Any evidence that the RMS Titanic staff's and steerage passengers was all-white?

Interesting dilemma.

In the African-American street toast ballad “Shine and the Titanic” a black man named “Shine” famously refuses to help the passengers and swims from the Titanic’s wreck — all the way to New York.

BUT – if the passengers and crew were all white, it kind of begs the question what was Shine doing there.

It especially boggles the mind since Shine is a depcited as an urbane Harlemite in many of the retellings and most of Titanic’s passengers were European gentry or the steerage poor. So if he had been black, it seems likely he’d have been somehow British.

I normally don’t get this picky with legends, myths and folklore but – might there have been a West Indian aboard the Titanic as a porter or a stoker or a servant? Or was the Titanic strictly segregated?

Hmf. Tis a poor, poor day in SDMB General Questions when I have to answer my own queries. Why, I remember when I could post a question and it’d be answered in a minute and a half.

  1. Blacks were apparently permitted accommodations in 2nd and 3rd class. World champion Jack Johnson was offered such a spot when he sought tickets, but he refused to accept, saying they were beneath him. Probably saved his life.

  2. Not sure about staff, though. But unless there was documented instances of black workers prevented from working on the ocean liner or prevented passage as servants of the richer paasengers, the fact that the madien voyage may have been more of a coincidence than policy.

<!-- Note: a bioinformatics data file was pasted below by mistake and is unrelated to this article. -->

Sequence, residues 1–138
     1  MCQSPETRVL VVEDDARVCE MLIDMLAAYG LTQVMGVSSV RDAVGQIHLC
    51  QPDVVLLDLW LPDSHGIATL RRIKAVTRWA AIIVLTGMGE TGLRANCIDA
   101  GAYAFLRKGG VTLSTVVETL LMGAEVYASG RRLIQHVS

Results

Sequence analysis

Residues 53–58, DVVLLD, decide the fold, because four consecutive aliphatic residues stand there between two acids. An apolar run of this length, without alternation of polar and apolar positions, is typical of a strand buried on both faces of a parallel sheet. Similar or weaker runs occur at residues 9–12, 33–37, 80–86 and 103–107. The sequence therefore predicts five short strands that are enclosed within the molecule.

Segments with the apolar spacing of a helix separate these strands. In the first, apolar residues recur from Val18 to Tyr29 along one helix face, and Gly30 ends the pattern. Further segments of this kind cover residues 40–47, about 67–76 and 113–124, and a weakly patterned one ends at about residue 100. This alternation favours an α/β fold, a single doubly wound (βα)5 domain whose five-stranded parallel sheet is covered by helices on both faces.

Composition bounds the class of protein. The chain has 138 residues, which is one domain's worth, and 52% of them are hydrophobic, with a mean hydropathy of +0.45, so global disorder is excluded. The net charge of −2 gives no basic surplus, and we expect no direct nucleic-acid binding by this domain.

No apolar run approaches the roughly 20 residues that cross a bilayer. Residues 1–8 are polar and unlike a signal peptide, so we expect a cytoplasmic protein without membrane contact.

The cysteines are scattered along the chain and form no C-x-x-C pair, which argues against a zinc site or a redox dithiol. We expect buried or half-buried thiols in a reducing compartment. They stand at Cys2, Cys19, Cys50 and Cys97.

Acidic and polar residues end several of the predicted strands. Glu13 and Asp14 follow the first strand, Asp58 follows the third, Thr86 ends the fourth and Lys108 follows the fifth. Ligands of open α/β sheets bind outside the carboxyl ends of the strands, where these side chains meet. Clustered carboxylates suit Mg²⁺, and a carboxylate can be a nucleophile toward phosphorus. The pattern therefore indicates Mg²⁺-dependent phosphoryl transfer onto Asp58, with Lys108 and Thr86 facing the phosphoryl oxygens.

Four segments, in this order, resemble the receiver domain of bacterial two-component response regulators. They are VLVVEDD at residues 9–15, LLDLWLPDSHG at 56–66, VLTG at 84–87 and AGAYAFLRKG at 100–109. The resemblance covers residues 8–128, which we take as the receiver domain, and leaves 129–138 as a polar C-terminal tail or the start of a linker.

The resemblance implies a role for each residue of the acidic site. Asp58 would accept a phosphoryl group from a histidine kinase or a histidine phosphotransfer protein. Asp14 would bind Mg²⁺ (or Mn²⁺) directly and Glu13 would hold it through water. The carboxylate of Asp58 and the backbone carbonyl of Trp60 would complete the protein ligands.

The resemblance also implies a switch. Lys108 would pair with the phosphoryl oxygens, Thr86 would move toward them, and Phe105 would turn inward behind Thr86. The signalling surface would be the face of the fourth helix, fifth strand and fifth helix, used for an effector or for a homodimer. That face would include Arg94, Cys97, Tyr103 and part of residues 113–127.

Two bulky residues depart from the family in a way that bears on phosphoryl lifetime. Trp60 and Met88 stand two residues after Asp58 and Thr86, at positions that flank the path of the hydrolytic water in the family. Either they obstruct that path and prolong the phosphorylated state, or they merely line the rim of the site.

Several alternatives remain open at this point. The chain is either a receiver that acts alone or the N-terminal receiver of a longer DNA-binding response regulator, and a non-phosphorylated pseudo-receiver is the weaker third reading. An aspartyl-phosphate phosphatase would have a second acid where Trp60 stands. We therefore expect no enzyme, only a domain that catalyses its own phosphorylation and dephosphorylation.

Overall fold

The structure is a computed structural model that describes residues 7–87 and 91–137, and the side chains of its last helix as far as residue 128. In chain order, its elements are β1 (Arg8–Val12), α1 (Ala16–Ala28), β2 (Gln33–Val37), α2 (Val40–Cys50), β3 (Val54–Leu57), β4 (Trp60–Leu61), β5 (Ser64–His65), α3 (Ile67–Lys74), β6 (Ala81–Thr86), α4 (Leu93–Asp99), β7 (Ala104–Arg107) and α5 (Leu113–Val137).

Ummmm, hey. It is an interesting question which led me to do some searching. As a result I learned a few things, unrelated to your question. Plus things are kinda busy here at work ;).

I’d be fired in a heartbeat if I wasn’t the boss. :cool:

Wasn’t there a black Frenchman travelling with his white wife in 2nd class? :confused:

I researched that, and believe that story is a myth. The Titanic made its maiden voyage from England on 10 April 1912. Jack Johnson was in the U.S., specifically in Chicago, in February, March, and April of 1912. Johnson was in England in 1911, returning to New York aboard the Celtic on 23 Dec. 1911.

I should add that the Celtic was part of the White Star Line, same as Titanic, and Johnson had first class accommodations.

Makes a good ballad, but quite impossible, of course.

The Titanic sunk about 450 miles away from New York, far too much to swim.

The water in the North Atlantic was barely above freezing; a swimmer would survive for only an hour or so before dying from hypothermia.